It is these types of investments that will increase the allure, we hope, of what is already a monumental asset, which is Canada's energy resources. We are an emerging energy powerhouse in Canada-we've surpassed Saudi Arabia as the largest supplier of oil to the United States. We also supply our big neighbour to the south, the United States, with more natural gas, more uranium, more electricity than any other country in the world. Canada's potential in the energy field is substantial and poised for further acceleration in production and exploration. Approximately $45 billion in new projects and expansions are expected in the Alberta oil sands by 2010, with oil sands production to triple over the next 10 years. In fact, when one looks at the cumulative investment in energy in Canada over the course of the next nine years to 2015, it is projected to be about $400 billion, half of which will be in conventional oil and gas.
So although we're looking forward to the prospect of energy investments, the real strength of the Canadian economy is diversification, and we want to encourage investment and we want to make it clear to the world that we're a more attractive investment than to do business in the United States in terms of corporate taxes. And we've done that in the budget this year. We've made it clear that our tax advantage vis-à-vis the United States for corporations doing business will be 5 per cent, and that we will continue.
You know, you can do that in a particular budget and then another country can lower their taxes. The advantage in the Canadian reality now is because of our sound fiscal fundamentals, it's sustainable for us over time, and we will sustain that 5 per cent differential in favour of Canada over the United States in terms of carrying on business in our country.
We're seeing tremendous growth in a variety of areas in Canada-in mining, in forestry, in finance and insurance, the pharmaceuticals business, the plastics business and the auto sector, to name a few. As a result, a wide variety of Canadian-made products, as you know, are available here in London. The UK is Canada's third largest export market worldwide and our most important commercial partner in Europe. On the investment side, the UK is Canada's second largest source of foreign direct investment, and that makes sense. In fact, it makes perfect sense given the history between our countries. Our two countries have those historic ties and an international outlook and a similar geographic advantage.
Canada's proximity to the United States and Mexico makes us the perfect launching pad for investors looking to expand into North America, given our free trade arrangements with both countries. An advantage that is attracting many to my home area in Toronto, where one out of two people were born outside Canada, we have one of the most diversified, multicultural, multilingual populations in the world in the Greater Toronto Area.
The UK is perfectly situated on its part as a launching pad into Europe, as you know, and London is often described accurately as the world's most international centre. Clearly, the UK has become an important destination for a contingent of Canadian banks, insurance companies, securities dealers, law firms-some of you are here today. I encourage investors in the UK to avail themselves of the possibilities that await them across the Atlantic and to recognize that Canada is a country on the move. We are increasing opportunities. We're promoting enterprise. We are seeding a culture of innovation that investors will not be able to ignore.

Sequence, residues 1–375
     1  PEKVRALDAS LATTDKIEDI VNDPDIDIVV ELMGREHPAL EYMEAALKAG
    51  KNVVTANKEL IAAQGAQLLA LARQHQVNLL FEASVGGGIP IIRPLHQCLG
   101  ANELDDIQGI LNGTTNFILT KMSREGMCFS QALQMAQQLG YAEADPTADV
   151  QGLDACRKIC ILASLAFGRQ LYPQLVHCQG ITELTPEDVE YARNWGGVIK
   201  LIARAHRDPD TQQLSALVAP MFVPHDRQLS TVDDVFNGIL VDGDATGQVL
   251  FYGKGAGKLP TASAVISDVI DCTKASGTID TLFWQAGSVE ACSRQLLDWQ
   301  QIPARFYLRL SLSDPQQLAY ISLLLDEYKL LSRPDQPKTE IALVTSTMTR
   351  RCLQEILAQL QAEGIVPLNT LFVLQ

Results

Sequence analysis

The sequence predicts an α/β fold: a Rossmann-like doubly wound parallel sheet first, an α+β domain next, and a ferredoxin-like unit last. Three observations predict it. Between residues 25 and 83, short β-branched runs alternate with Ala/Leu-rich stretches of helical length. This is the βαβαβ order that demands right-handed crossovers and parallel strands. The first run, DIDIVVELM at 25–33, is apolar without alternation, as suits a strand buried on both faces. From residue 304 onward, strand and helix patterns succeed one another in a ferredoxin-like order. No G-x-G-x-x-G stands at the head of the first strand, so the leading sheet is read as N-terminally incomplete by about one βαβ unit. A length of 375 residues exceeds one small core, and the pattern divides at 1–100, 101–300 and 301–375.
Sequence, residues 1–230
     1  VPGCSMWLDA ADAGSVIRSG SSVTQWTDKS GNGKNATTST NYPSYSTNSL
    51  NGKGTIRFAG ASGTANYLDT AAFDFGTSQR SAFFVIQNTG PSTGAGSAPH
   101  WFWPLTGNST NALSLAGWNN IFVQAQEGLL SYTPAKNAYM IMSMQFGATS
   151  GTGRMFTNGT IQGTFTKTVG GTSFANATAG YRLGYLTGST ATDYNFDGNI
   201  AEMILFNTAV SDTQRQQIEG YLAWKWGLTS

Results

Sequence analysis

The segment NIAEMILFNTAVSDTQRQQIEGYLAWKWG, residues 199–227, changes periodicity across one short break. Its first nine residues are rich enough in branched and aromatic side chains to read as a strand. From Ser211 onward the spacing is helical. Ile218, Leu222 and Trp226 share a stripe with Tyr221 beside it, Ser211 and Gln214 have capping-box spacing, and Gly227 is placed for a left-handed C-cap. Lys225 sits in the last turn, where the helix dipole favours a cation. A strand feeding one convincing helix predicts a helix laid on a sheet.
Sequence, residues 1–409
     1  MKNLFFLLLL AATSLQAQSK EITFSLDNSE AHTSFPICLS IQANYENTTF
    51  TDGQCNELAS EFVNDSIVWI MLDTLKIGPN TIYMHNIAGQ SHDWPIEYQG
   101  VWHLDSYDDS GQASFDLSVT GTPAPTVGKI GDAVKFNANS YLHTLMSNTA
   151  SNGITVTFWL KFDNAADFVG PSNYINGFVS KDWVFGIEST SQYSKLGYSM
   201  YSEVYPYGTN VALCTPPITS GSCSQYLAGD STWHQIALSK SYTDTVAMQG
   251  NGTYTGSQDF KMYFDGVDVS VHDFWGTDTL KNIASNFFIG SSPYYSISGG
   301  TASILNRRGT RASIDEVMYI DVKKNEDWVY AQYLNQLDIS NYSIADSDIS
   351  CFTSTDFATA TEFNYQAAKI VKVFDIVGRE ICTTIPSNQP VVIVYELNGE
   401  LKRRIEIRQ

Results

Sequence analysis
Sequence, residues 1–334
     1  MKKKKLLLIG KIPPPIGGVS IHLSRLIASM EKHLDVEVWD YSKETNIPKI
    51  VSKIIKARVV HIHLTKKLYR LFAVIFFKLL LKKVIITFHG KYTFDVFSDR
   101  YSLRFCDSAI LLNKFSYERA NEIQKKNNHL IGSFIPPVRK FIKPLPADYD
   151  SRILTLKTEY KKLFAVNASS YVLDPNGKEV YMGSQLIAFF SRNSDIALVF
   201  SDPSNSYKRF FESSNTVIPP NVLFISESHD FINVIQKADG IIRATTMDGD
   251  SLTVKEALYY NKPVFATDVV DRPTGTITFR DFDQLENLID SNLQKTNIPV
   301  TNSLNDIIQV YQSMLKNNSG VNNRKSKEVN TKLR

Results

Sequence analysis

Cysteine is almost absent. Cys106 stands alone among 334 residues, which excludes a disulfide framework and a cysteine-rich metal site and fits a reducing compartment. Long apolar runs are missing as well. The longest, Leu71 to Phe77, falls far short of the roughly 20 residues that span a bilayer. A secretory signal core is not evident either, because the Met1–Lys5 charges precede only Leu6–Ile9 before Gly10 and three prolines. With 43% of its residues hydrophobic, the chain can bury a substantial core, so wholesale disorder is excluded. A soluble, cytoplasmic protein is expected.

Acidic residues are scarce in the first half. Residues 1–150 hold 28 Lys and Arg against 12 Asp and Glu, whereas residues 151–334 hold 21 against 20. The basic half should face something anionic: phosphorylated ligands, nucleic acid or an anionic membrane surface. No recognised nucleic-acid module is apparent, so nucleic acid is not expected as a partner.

We are committed to encouraging global investment, as we are committed to investing in Canada's capacity to meet its obligations internationally as part of our military alliances, our North American obligations and partnerships and our international humanitarian commitments. We are determined to be a government of practical progress on the crucial economic, geopolitical and social infrastructure priorities that reflect our values and principles as Canadians.
Now some people say that, you know, this transition in the Government of Canada is a radical shift along the left-right spectrum. That is an exaggeration, I dare say. It is rather, I think, a shift along a spectrum of practicality, one that is both well-financed and effectively implemented. And, with the greatest of respect to my opposition colleagues who are with me today, what we had in Canada over the course of the past several years was an undisciplined approach to governing with many, many, many priorities, which meant there were no priorities at all. And what Canadians have welcomed is the change to a directed, disciplined government with limited priorities and a moderate horizon so that we can accomplish what we say we are going to do.
The global economy, if I may turn to the international scene for a moment, has proven remarkably resistant in recent years, and my colleagues and I in the G8 Finance Ministers were talking about this this weekend. The last few years in particular have been especially strong in the global sense. With the world economy becoming increasingly integrated, difficulties in our own economies can have a ripple effect throughout the world. Canada is working in concert with Britain and the U.S. to reform the IMF to ensure it plays a key role in promoting global action through enhanced multilateral surveillance, especially exchange rates. Over the years, key elements of the IMF governance structure have gone awry due in part to the spectacular growth of some emerging nations. This growth on the beneficial side has lifted millions of people out of poverty and is clearly the dividend of globalization.